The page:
Not long after Josh Ockimey had put on an impressive show in a postgame batting session, routinely slamming balls over Archbishop Carroll's fence, Kevin Schneider's cellphone rang.

A major-league scout who had been on hand was calling Neumann-Goretti's first-year coach to ask about the slugger's next appearance. Did the scout rave about what he witnessed?

"Not really," Schneider said with a laugh. "He said, 'I saw him hit balls out at Fenway Park. I experienced it firsthand before. I know what he can do.' "

Ockimey, a lefthanded slugger and four-year starter for the Saints, participated in a private workout for the Red Sox last fall. In what he described as a surreal experience, he sent two balls over the right-field fence.

"To do that at a historic ballpark was pretty special," the senior first baseman said. "I think one of the shots measured about 420 to 430 feet."

With the amateur draft a month away, scouts and national cross-checkers are watching Ockimey closely.

In addition to the Red Sox, representatives of the White Sox, Twins, Rays, Blue Jays, Orioles, and Phillies have been regulars at Neumann-Goretti games.

The 6-foot-3, 225-pounder, who lives in Southwest Philadelphia, is expected to work out for the Phillies at Citizens Bank Park in the next few weeks.

Ockimey said he tries to avoid swinging for the fences in batting practice.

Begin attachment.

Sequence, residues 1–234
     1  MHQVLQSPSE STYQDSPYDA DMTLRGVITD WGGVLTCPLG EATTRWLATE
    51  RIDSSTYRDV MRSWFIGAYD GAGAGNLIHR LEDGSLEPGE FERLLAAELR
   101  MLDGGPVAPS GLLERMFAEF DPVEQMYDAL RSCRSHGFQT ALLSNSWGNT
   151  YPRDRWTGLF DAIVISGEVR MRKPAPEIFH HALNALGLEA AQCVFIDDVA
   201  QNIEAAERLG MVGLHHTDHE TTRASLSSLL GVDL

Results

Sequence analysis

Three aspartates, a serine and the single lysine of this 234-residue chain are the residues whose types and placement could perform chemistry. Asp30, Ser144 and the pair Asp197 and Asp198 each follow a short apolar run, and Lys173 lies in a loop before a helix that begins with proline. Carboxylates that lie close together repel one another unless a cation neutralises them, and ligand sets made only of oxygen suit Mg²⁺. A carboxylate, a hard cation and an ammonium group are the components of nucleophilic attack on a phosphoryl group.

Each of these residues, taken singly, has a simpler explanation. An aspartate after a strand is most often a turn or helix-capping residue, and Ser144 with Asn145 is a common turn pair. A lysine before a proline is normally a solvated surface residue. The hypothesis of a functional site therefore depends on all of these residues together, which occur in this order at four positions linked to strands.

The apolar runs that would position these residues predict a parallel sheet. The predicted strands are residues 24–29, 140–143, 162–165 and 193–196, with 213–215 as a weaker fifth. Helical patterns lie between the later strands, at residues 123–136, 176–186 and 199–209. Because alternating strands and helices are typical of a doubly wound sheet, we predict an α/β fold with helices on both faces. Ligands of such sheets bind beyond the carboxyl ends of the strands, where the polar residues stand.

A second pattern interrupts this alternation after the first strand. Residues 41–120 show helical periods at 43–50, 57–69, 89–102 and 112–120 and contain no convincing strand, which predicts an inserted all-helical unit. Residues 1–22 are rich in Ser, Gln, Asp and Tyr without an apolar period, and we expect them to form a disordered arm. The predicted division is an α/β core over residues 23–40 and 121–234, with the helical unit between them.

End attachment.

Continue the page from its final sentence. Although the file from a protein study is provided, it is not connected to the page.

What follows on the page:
"I try to hit as many line drives as I can," he said. "I just want to show good bat control."

Ockimey has committed to the University of Indiana, but there is talk of his being selected in the first 10 rounds, possibly as early as the third, of the draft.

"You hear a lot of chatter, but it's not something you can rely on," the 18-year-old said. "Right now I'm just focused on helping my team finish the best way possible. We want a Catholic League championship and more."

From the No. 3 spot in the order, Ockimey is batting .565 (26 for 46) with 22 runs and 22 RBIs. He has 16 walks (three intentional), 10 doubles, 6 stolen bases, and 3 homers.

The school announced Wednesday that it is retiring Ockimey's No. 30 jersey.

"He's one of the top power hitters in the entire country," said Schneider, a full-time baseball instructor. "The strength and quickness in his hands, it's second to none. He's going to have even more power when he incorporates his lower half."

Ockimey, a key contributor in the Saints' run to Catholic League crowns in 2011 and 2012, is hitting .416 (96 for 231) with 88 RBIs, 75 runs, and 12 homers in his high school career.

But Ockimey is more than just numbers.

"He's a pleasure to coach," Saints assistant Joe Messina said. "It's so cliche, but he's one of the nicest kids I've been around."

Ockimey has a strong support base, consisting of parents Michael and Cathy, sister Brianna, and twin brother Mike, a receiver in football at Bonner-Prendergast.

With Josh Ockimey as a hard-hitting fixture, Neumann-Goretti (14-3 overall, 12-2 league) has compiled a 73-18 record over the last four seasons.

"Time really does fly," he said. "It's gone by so fast."